In a second incident four miles off the coast of Long Beach, the Coast Guard escorted the crew of the fishing vessel Tracer back to shore on Sunday. The crew called for help after reporting they were taking on water with loss of engine power. With the assistance of pumps provided by the Coast Guard the Tracer was able to regain power and control the flooding. Weather conditions were reported as 5 foot swells with 30 mile per hour winds.

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A crewman has been airlifted from a fishing vessel 20 miles off the Oregon Coast. The crewman was working aboard the fishing vessel Leann when he reportedly fell suffering a head injury. Initial VHF radio communications with the coast guard were incomplete and broken up. The Coast Guard utilized telephone communications to reach the master of the Leann and make arrangements for an emergency airlift. The 50-year-old injured crewman was reportedly unconscious following the fall and became combative as he regained unconscious. Closed head injury victims who suffer brain injuries frequently exhibit these types of symptoms. It is important to get immediate emergency medical care for any crewman suspected of suffering a closed head injury aboard a fishing vessel.

A Coast Guard MH-65 Dolphin helicopter crew from Coast Guard Sector North Bend safely transported the 50-year-old man to medical personnel at Bay Area Hospital in Coos Bay.   Weather conditions at the scene of the fishing accident were reported to be calm seas with light winds and clear visibility.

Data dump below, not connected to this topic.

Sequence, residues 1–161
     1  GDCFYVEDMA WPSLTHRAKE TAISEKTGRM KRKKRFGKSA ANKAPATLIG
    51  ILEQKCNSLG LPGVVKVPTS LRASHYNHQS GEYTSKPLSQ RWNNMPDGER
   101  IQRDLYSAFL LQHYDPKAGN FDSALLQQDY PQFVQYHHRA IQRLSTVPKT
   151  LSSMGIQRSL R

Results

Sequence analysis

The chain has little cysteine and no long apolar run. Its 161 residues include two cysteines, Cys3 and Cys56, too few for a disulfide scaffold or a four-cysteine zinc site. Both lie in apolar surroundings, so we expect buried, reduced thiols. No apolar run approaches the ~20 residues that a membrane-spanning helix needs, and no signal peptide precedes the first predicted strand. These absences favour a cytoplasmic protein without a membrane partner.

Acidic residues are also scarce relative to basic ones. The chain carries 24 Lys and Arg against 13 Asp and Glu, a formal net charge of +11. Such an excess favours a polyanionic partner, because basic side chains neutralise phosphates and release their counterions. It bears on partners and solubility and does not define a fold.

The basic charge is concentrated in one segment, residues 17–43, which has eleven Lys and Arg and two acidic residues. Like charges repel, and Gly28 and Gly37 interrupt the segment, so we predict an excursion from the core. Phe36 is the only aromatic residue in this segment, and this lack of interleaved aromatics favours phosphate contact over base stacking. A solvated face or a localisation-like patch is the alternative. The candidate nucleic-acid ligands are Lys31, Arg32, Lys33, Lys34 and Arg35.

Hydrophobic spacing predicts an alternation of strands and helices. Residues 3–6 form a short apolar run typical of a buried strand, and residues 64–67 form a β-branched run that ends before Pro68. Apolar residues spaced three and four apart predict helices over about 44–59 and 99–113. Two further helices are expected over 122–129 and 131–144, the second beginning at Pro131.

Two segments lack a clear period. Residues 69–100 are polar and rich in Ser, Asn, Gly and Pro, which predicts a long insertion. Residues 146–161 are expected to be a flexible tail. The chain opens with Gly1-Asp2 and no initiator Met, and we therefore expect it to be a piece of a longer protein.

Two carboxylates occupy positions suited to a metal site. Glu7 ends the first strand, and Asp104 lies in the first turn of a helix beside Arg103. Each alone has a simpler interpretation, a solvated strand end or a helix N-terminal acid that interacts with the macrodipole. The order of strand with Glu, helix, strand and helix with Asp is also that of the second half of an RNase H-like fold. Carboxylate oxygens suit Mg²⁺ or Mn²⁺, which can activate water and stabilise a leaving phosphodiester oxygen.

The circumstances of the crewman’s fall aboard the Leann are unknown at this time. All injury accidents involving fisherman require that a Coast Guard accident form “2692” be filed with the Coast Guard indicating how the accident occurred and making suggests for how such accidents can be prevented in the future. Slip and fall accidents aboard fishing vessels remain one of the most frequent causes of commercial fisherman injuries. To be a seaworthy a vessel proper precautions must be taken to ensure that a crewman at all times has a safe place to work.

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The Alaska fishing vessel Exito has reportedly sank 14 miles Northeast of Dutch Harbor.  Three crewman have been rescued and the search continues for two missing crewmen.   The Exito’s owner called the Coast Guard at 9:30 Tuesday night reporting the vessel was taking on water and the crew was preparing to abandon ship.  A near by vessel Afognac Strait was able to locate and rescue three of the Exito’s crew.   The search continues the two  missing crew.  One of the missing crewmen was last seen in a survival suit preparing to abandon ship.